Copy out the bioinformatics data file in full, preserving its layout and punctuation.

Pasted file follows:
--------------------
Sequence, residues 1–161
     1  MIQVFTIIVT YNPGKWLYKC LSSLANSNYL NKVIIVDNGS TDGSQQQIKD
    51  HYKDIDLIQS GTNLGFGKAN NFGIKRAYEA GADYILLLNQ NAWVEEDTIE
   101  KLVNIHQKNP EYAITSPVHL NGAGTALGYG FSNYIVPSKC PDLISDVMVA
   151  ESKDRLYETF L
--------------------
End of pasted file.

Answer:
Sequence, residues 1–161
     1  MIQVFTIIVT YNPGKWLYKC LSSLANSNYL NKVIIVDNGS TDGSQQQIKD
    51  HYKDIDLIQS GTNLGFGKAN NFGIKRAYEA GADYILLLNQ NAWVEEDTIE
   101  KLVNIHQKNP EYAITSPVHL NGAGTALGYG FSNYIVPSKC PDLISDVMVA
   151  ESKDRLYETF L